Performing arts center partners with chamber choir for 4-year project

EBS STAFF

On Thursday, Aug. 9 at 5:30 p.m., in conclusion of the Warren Miller Performing Arts Center’s annual summer residency program for professionals and novices in dance, music and theater, revolutionary choral group The Crossing will give a sneak-preview performance of a new work developed during their 2018 stay in Big Sky.

Winners of the 2018 Grammy Award for Best Choral Performance, The Crossing, a professional chamber choir committed to making original, socially-relevant works, has participated in the summer residency program since its inception in 2015, and returned this year to further solidify their connection to Big Sky.

Now, the Warren Miller Performing Arts Center is partnering with the group, composer Michael Gordon and filmmaker Bill Morrison to develop a 24-hour live performance work for chamber choir and film.

All 24 members of The Crossing collaborated with Gordon and Morrison to create a new work inspired by their time spent creating in Big Sky. The hour-long work of unaccompanied choir and film draws on the land, history, beauty, struggles and expanse of Montana and is the first installment of the long-term project which will culminate in a 24-hour original choral work and film that focuses on place-based themes.

Over the next four years, the WMPAC team will work with the artists to develop this multidisciplinary performance project, which will explore environmental themes surrounding biological degradation and regeneration, explained John Zirkle, artistic director of WMPAC, and one of The Crossing’s most enthusiastic fans.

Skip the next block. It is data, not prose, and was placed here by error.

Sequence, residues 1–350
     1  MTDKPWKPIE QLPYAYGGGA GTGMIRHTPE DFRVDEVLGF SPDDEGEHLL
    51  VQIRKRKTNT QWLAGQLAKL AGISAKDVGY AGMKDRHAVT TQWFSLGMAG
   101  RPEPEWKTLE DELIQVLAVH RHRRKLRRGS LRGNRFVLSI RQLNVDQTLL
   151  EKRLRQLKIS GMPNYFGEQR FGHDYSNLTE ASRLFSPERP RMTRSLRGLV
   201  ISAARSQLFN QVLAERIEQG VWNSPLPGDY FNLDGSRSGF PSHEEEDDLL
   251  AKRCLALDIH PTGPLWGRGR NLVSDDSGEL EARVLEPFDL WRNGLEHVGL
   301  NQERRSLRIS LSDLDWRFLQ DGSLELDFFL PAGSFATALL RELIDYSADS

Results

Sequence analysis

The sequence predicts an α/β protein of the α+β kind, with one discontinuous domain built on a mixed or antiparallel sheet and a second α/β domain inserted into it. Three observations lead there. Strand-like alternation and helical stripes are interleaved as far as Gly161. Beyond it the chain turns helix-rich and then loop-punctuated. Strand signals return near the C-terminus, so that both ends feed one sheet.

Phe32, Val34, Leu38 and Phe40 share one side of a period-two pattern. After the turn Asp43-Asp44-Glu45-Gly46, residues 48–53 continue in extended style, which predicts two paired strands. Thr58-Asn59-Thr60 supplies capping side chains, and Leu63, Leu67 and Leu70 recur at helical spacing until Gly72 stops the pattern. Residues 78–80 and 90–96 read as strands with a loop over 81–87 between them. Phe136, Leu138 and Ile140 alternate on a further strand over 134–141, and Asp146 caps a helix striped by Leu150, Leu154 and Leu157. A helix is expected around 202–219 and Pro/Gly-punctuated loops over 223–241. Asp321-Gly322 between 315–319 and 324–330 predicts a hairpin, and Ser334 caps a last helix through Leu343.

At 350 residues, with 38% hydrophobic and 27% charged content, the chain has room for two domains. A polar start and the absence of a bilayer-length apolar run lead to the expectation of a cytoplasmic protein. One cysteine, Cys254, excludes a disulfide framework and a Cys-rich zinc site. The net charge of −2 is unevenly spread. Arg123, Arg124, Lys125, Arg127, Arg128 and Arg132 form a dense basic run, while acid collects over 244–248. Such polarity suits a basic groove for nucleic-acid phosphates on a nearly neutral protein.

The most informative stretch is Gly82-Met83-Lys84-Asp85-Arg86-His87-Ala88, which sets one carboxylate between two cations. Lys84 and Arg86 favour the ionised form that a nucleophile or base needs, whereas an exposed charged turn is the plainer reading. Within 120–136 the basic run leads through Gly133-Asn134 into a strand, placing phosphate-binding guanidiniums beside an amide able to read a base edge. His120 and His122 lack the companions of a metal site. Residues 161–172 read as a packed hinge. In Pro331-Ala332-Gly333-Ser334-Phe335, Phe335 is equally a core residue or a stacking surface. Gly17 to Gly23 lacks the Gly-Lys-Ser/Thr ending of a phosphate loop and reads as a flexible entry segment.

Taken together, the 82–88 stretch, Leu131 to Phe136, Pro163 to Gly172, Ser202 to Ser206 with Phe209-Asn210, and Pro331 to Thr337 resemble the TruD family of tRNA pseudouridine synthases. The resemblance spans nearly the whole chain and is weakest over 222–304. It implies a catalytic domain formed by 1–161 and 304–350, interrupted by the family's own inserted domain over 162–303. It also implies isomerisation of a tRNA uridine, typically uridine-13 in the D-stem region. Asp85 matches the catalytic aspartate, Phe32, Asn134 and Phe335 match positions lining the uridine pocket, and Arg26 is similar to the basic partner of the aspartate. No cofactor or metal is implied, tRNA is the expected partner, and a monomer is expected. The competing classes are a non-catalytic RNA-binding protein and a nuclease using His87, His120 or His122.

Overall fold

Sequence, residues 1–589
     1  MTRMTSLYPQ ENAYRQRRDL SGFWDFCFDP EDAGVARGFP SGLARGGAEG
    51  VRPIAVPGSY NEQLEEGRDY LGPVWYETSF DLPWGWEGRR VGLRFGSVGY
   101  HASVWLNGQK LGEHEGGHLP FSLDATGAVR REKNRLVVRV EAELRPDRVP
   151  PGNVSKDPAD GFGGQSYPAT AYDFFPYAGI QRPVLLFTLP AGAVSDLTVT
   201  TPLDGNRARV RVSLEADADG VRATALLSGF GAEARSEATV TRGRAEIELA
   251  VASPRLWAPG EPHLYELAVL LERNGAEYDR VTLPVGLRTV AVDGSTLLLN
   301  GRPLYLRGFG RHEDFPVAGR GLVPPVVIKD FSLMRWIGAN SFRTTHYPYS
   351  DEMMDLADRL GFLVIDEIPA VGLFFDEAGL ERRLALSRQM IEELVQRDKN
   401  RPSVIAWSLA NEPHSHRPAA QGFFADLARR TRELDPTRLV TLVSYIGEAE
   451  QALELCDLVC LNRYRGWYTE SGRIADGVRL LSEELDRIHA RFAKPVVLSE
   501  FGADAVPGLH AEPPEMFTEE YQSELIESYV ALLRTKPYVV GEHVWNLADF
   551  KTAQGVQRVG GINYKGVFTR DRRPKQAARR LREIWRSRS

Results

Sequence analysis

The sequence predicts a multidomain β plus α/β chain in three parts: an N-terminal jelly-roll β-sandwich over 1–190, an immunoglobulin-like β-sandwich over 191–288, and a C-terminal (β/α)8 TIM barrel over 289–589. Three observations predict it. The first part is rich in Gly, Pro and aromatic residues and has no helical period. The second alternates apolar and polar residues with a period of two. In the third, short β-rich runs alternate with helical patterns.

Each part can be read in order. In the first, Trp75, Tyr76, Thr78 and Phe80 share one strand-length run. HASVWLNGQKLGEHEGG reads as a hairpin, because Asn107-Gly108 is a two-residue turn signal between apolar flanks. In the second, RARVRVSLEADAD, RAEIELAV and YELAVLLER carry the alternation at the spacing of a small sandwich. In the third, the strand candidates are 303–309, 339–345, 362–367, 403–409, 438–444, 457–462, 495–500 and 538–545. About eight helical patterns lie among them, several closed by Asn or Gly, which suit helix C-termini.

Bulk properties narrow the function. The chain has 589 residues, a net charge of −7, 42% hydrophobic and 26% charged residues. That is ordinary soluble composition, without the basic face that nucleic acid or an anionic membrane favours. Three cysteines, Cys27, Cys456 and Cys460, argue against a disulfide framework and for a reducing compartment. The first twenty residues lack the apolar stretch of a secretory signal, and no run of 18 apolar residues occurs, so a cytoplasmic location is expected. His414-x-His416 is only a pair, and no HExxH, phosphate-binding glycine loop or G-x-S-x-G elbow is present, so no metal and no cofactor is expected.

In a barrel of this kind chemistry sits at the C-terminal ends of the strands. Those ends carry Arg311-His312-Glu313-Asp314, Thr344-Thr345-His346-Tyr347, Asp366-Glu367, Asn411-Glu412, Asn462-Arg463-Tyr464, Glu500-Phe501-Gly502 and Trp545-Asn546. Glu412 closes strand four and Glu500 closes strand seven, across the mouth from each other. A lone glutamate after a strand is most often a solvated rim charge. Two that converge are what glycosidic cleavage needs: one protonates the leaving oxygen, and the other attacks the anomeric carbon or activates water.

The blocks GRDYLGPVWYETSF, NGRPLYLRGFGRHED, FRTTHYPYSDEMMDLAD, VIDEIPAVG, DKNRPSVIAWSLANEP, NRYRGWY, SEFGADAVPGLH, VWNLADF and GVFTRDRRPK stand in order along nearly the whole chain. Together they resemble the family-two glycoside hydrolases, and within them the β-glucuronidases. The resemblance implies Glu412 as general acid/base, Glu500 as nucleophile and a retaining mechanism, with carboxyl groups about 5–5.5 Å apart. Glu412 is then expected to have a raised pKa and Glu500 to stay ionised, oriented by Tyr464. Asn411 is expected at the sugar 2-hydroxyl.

Working with the Montana Historical Society and Yellowstone National Park, and with support from National Geographic, WMPAC will engage individuals and organizations who are integral to contemporary and historical narratives of Montana. Each year, lead artists will participate in the Conservatory residency for 10-14 days to develop the ambitious original piece in phases while involving the community.

The Crossing has performed at Lincoln Center, Walt Disney Concert Hall, The Kennedy Center, the Metropolitan Museum of Art, Carnegie Hall, the Philadelphia Museum of Art, the Cleveland Museum of Art, the National Gallery in Washington, and many other prestigious institutions.

While the conservatory is the least visible of WMPAC’s programs in terms of public performances, it’s arguably the most important. The purpose is to foster creativity that will lead to finished works with an indelible tie to Big Sky but with a reach that stretches far beyond southwestern Montana. The Conservatory also serves to further cultivate the exceptional talent of program fellows, predominantly regional youth aged 12-18, whose names are potentially the next to go up in lights.

Prior to the Aug. 9 performance in Big Sky, The Crossing will host the annual Big Sky Community Sing Saturday, Aug. 4 at the Warren Miller Performing Arts Center, and perform a concert with the Aoide Chamber Singers that evening in Bozeman at 7 p.m. at Montana State University’s Reynolds Recital Hall.

Visit warrenmillerpac.org for more information.